Big beam is big.



As mentioned earlier, when not sailing, in September and October I spent a lot (a lot) of time trying to find a space big enough to build the Pahi 63. The idea was that we’d get a big shop, hire a bunch of guys and build it really fast.

That is not what happened.

What happened is we decided that the time spent looking for the right space would be better spent building the parts of the boat that we could build with the space we have, which is to say our garage and driveway. Today we passed a (small) milestone in the Montauk Catamaran Company boat shop. We moved the first two finished pieces out of the work area and into the storage area.

The photo above us akas #1 and #6 on a trestle of made of 4″x4″ pressure treated lumber. On the left is my friend Dave, who put in about 600 hours on Mon Tiki, and on the right is my wife Amelia, who’s idea it was to stop looking for a space and just start building the damn thing already.

These akas are over 26 feet long and weigh about 400lbs. The three of us moved them, which wasn’t easy, but wasn’t too hard either. Its the first chance we’ve had to just sort of look at them and think, “Wow, this is going to be a big boat!”

In the foreground are materials for akas #2 and #3. When finished they will be nearly 29 feet long, which is the full breadth of the ship. Then we’ll make two more just like them (#4 and #5) and that part of the Pahi 63 will be finished!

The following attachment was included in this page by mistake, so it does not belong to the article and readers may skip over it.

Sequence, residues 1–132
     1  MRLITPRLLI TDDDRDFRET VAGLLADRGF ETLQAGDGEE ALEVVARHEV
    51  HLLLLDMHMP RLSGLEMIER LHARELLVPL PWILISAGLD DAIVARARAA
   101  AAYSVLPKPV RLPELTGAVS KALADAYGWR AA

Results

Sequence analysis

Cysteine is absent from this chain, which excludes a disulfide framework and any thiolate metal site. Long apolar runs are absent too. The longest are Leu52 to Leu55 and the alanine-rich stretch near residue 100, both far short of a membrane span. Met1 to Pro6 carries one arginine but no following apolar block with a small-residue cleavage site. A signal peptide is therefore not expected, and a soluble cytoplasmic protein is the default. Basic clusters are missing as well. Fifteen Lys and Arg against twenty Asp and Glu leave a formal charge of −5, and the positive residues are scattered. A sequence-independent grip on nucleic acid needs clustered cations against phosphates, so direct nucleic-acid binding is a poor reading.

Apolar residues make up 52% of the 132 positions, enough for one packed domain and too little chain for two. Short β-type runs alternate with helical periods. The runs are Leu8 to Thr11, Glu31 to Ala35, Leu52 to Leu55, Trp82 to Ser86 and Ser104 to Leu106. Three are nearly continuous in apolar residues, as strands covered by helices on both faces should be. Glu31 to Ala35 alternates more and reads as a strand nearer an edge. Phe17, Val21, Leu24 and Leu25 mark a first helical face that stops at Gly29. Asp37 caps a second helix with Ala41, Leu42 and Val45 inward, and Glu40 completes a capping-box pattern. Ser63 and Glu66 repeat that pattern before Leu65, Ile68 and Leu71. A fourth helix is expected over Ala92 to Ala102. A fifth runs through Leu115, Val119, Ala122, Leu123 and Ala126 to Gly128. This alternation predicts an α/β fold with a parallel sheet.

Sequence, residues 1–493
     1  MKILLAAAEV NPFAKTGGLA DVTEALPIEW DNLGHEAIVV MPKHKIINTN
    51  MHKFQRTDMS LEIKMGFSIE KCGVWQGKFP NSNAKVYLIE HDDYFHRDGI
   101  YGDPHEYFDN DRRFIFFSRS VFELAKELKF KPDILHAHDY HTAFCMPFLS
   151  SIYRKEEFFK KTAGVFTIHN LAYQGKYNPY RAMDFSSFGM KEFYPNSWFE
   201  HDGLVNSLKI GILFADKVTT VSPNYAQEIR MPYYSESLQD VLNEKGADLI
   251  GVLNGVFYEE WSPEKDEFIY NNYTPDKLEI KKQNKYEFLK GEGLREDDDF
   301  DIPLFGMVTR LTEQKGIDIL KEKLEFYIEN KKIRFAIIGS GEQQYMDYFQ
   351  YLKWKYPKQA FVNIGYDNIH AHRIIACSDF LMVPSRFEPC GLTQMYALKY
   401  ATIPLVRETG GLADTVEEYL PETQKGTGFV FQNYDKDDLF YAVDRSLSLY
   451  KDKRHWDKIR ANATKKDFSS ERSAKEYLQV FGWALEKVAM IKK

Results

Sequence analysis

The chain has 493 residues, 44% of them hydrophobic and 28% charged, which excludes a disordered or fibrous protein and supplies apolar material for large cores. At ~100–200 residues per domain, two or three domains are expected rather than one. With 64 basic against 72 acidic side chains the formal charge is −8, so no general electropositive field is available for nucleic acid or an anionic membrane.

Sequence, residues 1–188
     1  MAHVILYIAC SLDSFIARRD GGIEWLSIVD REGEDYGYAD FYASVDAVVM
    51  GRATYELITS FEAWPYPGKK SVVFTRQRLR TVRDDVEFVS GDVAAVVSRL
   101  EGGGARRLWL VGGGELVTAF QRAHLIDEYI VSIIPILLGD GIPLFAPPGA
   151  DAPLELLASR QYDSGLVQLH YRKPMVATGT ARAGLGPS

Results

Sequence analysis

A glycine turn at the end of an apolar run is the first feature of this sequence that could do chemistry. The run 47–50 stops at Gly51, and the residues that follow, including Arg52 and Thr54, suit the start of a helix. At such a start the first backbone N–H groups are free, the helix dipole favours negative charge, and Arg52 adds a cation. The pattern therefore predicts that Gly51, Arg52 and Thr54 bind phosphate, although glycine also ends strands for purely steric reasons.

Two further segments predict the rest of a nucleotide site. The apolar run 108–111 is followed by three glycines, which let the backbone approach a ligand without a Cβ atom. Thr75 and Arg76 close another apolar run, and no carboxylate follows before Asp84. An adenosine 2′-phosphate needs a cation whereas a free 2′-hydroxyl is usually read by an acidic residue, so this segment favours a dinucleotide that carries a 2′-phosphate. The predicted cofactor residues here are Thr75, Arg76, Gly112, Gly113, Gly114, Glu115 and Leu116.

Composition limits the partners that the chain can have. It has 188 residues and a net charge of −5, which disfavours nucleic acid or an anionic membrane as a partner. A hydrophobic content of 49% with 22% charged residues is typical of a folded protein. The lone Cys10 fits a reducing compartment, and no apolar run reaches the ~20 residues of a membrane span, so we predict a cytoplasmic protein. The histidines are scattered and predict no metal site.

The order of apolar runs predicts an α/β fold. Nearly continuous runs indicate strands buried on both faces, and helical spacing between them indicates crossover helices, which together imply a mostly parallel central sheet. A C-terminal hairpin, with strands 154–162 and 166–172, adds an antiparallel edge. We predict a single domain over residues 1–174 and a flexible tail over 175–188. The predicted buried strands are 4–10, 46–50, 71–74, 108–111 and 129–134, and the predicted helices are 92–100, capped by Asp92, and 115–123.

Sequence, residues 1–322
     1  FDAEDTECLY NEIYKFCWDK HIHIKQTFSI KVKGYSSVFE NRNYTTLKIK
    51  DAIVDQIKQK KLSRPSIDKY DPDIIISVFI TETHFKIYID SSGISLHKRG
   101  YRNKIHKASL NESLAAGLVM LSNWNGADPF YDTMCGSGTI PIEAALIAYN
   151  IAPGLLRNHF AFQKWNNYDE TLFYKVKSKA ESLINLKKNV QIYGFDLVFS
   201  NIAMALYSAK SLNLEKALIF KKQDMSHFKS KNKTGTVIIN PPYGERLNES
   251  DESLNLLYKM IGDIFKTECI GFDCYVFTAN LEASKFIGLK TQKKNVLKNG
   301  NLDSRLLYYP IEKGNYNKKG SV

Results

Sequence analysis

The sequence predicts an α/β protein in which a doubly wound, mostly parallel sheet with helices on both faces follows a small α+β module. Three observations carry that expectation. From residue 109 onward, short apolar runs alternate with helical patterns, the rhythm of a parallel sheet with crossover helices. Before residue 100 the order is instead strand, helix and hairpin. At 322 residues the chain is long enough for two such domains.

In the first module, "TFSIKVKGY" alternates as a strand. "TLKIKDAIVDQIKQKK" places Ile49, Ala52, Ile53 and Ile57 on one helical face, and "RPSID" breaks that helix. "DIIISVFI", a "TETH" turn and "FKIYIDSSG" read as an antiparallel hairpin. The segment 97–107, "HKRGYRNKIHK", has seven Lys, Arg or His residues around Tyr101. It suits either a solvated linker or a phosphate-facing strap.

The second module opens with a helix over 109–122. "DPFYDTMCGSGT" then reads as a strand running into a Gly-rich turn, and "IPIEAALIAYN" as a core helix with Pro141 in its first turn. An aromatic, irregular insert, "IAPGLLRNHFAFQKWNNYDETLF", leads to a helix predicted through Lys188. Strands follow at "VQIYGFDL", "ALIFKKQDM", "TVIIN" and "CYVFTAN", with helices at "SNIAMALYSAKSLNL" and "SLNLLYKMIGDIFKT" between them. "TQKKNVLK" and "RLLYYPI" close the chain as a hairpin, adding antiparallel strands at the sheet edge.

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8 thoughts on “Big beam is big.

  1. Awesome, David. I really mean that. There’s nothing like building shit with your own hands and sweat and initiative and bringing it all together. And this is the highest order of cool on that front.

    Btw, have you checked out the McPhee book on bark canoes Aaron suggested? It’s good! It’s McPhee!


    • After your last I looked it up, and I feel cautious about it. Like Mon Tiki before her the Pahi is not a re-enactment, or a whimsy, she is, or is hoped to be, the best match of design, material and (my) resources to solve the problem of providing for my family though work that I do not hate, and even (let’s hope) find fulfilling.

      I hold no malice to those who preserve techniques and traditions from the past, but I am contemptuous when these techniques and traditions are fetishized, and suspicious by the praises sung for this book (though not by you) the I would find this same sort of fetishization in its pages. There’s a lot to be learned from the past, but also a lot to be left behind.

      Also, who’s McPhee?


      • John McPhee. He wrote a life changing book called “Coming Into the Country” as well as “The Pine Barrens”, “Basin and Range” and a bunch of others. Good stuff.

        “The Survival of the Bark Canoe” is about a white guy who makes traditional birch bark canoes in the spirit (or more than…) of the early American cultures which utilized the technique. McPhee is good, man. Just read the first few sentences of any book and you’ll know what I mean. Coming into the Country is my favorite. About folks who very consciously go up to Alaska to live off the land.


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